Recently, I sat down to speak with one of the many well-respected leaders in my office at the LA Memorial Coliseum, also known as “The Greatest Stadium in the World.” Matthew Buswell, our Assistant Director of Facility and Event Operations, also known by his nickname, Mattie, has exceptionally overseen an incredibly diligent, dedicated (and very photogenic, as you can see!) Operations team on site, while many of us have worked primarily from home throughout the pandemic. Since they're genuinely our heroes and our magnificent 98-year-old building couldn't operate without them, I wanted to learn more about Mattie’s team's growth and successes over the past year + and the specific steps they took together to get us where we are today.
What was your initial reaction when we first learned the pandemic would shut down our event schedule last spring?
Mattie: Our staff was my main concern. I had to quickly figure out how we were going to operate while at the same time making sure everyone was okay and comfortable. Once we got in our groove and knew the university would take care of us, my mindset became, "with no events, how do we continue to get better?" I didn't want my staff coming here simply to collect a paycheck. We used the downtime as an opportunity to hit some areas of the stadium that were too difficult to improve significantly amidst a busy event schedule. We painted the Upper Concourse for the first time in probably 25 years. Renovations to concession stands, fresh paint all over, inventory, cleaning up, getting organized, documentation - things you always intend to do but inevitably can't find time for as tasks stack up. We tried to make the most of it, and now looking back, I almost wish we had another stretch where we could pause again to prepare to welcome fans back for USC Football!
How has your leadership style grown, changed, and/or developed during this time?
I've become a lot more empathetic and patient. The pandemic affected everyone differently. Most of us took it very seriously. Though my personal situation allowed me to continue coming into work, I couldn't assume that everyone else could without complicating their situations at home. I'd ask myself, "how do I make sure these guys are taken care of on a personal level first?" I also became a better communicator via technology and got creative with some of our less tech-savvy staff. I was also concerned with developing our part-time employees and Event Ops staff and challenged them in many ways to grow and learn as much as possible. Knowing that our superiors didn't have answers, I learned to take things as they come and make the best-educated decisions possible for our team.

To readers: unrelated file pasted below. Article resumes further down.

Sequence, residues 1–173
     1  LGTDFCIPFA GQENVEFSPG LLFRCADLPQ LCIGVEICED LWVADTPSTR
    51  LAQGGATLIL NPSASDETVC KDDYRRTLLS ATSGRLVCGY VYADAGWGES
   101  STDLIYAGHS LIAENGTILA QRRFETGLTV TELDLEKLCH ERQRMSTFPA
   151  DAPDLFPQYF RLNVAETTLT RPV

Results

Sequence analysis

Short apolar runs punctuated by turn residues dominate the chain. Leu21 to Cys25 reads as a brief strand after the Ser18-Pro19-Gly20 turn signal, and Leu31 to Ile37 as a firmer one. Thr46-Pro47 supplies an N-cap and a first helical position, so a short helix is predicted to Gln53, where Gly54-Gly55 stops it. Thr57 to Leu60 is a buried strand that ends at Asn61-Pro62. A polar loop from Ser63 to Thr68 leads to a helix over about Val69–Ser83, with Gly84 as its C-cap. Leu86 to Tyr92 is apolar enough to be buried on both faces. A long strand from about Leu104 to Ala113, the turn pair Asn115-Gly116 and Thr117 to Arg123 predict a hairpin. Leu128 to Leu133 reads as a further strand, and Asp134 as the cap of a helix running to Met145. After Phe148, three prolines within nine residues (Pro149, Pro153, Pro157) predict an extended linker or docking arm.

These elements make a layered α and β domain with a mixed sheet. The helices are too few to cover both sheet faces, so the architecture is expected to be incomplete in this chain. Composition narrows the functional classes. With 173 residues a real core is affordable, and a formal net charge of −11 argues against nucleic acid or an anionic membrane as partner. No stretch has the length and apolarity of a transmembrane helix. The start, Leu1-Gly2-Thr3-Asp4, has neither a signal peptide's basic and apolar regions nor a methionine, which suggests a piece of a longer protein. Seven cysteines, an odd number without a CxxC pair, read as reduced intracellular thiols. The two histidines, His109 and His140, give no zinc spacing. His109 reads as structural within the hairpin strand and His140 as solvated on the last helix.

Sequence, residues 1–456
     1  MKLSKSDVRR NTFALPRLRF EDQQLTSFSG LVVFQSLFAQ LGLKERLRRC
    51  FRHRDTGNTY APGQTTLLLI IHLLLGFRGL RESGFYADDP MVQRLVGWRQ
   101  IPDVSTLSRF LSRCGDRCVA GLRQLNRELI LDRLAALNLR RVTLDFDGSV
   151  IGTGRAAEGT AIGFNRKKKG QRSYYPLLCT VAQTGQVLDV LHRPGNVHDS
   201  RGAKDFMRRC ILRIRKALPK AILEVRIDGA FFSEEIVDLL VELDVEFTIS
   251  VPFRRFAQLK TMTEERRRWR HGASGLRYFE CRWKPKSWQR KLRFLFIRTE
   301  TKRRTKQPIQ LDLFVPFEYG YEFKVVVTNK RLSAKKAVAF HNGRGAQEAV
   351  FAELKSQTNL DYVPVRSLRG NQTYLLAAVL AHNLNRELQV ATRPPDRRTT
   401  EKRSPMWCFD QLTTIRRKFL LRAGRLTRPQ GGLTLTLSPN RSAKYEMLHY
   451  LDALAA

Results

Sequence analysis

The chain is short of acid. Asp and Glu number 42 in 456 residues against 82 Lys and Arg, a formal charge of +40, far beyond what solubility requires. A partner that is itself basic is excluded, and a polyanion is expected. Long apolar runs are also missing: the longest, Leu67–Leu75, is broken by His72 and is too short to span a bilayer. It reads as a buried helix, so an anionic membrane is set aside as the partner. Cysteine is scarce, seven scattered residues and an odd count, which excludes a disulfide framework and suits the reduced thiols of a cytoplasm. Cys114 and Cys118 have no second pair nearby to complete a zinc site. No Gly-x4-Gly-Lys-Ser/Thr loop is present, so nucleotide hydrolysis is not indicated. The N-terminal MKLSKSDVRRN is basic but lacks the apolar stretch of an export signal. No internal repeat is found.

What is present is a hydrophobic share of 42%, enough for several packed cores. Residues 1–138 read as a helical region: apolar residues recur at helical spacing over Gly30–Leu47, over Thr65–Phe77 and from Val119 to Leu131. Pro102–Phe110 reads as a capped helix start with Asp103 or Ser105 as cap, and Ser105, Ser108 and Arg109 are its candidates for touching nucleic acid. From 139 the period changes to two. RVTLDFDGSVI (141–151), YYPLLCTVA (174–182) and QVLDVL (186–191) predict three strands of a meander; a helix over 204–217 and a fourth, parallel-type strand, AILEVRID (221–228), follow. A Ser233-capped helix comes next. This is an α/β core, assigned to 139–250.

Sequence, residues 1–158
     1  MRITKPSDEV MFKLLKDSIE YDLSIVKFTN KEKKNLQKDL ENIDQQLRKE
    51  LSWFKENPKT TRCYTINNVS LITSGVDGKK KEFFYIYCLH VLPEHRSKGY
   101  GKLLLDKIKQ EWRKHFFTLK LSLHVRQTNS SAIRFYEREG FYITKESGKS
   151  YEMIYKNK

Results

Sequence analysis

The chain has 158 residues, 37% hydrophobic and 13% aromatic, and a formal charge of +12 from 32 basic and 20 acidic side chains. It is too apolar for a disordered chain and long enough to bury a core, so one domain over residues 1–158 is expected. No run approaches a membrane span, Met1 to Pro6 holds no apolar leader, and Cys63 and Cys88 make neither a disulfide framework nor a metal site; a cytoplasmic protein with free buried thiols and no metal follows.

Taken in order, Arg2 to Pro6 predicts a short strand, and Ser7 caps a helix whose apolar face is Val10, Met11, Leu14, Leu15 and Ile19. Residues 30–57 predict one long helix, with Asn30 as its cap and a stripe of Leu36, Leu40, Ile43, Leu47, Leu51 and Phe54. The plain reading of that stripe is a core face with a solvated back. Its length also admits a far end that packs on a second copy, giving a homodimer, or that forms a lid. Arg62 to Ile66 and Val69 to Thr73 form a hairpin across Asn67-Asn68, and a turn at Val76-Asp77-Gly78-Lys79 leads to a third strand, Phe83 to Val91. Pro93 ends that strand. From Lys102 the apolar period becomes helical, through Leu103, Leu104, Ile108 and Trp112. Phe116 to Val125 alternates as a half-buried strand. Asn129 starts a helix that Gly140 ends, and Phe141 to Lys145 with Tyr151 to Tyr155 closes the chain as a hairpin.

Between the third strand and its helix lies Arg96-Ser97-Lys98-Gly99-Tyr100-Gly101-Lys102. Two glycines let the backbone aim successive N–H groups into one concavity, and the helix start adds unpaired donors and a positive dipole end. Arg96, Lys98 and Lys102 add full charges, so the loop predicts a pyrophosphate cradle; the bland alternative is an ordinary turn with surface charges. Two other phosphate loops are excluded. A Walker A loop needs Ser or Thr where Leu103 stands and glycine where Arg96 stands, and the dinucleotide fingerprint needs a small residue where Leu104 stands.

Is there a key quality you value highly and/or stress as important in working with your employees?
We work with passion; we work with purpose. When you step in between those lines, or in our case, through the gates, leave what you need to leave behind and give me 8 hours of effort. I want you to want to be here and want to make us better. Be a self-starter, take the initiative, hold yourself to a high standard, pick up your fellow coworkers, and always respect others and the building.
How have your team’s processes been streamlined/become more efficient with, at times, limited resources?
Our resources have always kind of been limited; Operations have that “us against the world” mentality. But we did have to get creative when we were unable to procure supplies due to budget cuts, so I challenged my leadership team to think, “what can we do to get better with what little we have?” Communication is still a challenge at times, but I think a sense of team and family permeates throughout more than ever now.
How did you keep your staff motivated and busy throughout several months without events?
I always ask staff, “Who do you work for?” We work for the Los Angeles Memorial Coliseum. I refer to her as “the old lady”; she’s a 98-year-old building, and our responsibility is to maintain this treasure. We didn’t want to be the guys who let this incredible place go and make fans wonder what happened to it during the shutdown. So the underlying tone and motivation was to take advantage of the time and be proud when people finally return and say, "Wow, this place looks great!" Not knowing a hard reopening date kept us on our toes, too; we had to be ready to activate at any time.